Disney’s wide reach, both domestically and internationally, across different types of consumers is a dream come true for advertisers. Although some subscribers will invariably downgrade to a lower-cost tier, the company’s overall strategy seems in line with its long-term goal of becoming an internationally renowned vertically integrated media company.

Disney’s ability to tell a story and use its characters to engage with audiences through different media forms — whether through a movie, merchandise, or a theme park — gives it a variety of ways to interact with its customers that is far more impactful than what other streaming services can do. 

At its core, Disney provides experiences to customers of all ages — in person, on the big screen, and at home. Therefore, if any company would succeed with an ad-supported tier, Disney would be the one to do it. Disney+ losses may look bad now. But Disney knows what it is doing. With the stock down 45% from its high, Disney looks like a great buy now.

Daniel Foelber has the following options: long January 2024 $120 calls on Walt Disney, long January 2024 $145 calls on Walt Disney, long January 2024 $155 calls on Walt Disney, long July 2022 $145 calls on Walt Disney, long June 2022 $170 calls on Walt Disney, short January 2024 $125 calls on Walt Disney, short January 2024 $150 calls on Walt Disney, short January 2024 $160 calls on Walt Disney, short July 2022 $150 calls on Walt Disney, and short June 2022 $175 calls on Walt Disney. The Motley Fool has positions in and recommends Netflix and Walt Disney. The Motley Fool recommends the following options: long January 2024 $145 calls on Walt Disney and short January 2024 $155 calls on Walt Disney. The Motley Fool has a disclosure policy.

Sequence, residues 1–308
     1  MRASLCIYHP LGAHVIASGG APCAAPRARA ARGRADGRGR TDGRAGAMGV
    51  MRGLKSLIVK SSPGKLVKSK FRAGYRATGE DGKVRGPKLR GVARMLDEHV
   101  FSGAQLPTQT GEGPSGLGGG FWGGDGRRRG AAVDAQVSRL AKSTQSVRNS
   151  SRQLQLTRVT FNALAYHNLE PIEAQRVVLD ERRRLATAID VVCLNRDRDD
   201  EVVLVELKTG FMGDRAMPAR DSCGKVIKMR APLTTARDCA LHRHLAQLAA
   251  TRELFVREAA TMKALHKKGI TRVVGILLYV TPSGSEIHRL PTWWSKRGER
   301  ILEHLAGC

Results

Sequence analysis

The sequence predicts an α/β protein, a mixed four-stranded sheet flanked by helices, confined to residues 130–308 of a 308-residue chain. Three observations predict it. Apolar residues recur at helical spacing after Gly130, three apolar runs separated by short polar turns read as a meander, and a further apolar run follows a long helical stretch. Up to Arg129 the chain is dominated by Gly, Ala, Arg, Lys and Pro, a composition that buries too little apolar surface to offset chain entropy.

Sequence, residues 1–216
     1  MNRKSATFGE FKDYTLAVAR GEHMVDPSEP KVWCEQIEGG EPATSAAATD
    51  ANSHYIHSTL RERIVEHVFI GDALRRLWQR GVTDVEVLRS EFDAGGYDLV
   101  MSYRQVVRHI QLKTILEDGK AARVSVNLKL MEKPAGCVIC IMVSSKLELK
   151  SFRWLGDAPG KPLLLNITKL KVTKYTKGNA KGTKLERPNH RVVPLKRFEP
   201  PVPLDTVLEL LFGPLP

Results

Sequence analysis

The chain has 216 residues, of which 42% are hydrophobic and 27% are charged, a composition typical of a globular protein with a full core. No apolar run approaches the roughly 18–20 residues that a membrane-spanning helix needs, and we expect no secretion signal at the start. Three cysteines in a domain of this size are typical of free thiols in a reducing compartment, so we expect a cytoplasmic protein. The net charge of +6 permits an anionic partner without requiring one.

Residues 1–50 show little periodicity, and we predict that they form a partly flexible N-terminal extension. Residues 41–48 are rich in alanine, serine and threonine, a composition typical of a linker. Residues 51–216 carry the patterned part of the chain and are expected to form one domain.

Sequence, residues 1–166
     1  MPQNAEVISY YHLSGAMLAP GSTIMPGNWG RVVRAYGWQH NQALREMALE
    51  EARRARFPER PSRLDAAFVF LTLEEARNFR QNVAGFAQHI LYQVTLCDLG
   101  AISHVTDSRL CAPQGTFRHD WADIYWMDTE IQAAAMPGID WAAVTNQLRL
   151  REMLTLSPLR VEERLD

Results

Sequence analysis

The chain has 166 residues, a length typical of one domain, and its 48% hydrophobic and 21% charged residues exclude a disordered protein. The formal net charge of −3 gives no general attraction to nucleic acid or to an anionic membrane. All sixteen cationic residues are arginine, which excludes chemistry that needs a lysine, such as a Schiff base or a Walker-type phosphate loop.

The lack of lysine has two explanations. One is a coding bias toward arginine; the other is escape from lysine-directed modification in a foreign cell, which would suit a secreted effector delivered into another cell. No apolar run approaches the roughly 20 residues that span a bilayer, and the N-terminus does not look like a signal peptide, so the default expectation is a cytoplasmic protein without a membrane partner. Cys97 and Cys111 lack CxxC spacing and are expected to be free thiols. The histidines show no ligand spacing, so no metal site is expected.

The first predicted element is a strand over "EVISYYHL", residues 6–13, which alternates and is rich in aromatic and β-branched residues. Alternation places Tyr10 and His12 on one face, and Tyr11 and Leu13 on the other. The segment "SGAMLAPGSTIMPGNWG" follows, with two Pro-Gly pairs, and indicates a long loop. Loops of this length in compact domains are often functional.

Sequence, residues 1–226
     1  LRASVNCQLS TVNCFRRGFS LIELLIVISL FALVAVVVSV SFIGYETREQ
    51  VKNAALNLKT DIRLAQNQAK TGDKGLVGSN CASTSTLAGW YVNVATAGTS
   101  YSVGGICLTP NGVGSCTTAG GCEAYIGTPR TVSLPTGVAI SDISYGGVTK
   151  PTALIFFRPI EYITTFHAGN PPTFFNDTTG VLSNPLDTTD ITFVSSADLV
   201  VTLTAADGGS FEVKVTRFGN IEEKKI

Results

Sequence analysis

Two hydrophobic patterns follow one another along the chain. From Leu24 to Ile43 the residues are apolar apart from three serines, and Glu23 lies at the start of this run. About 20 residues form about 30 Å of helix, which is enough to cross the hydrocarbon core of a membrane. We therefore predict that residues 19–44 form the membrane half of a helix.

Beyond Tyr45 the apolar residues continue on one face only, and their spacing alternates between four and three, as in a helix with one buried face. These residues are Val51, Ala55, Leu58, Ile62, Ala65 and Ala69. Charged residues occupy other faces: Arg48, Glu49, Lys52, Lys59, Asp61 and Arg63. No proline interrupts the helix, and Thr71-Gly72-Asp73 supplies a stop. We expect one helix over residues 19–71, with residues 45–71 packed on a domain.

Trade The World Anywhere & Anytime!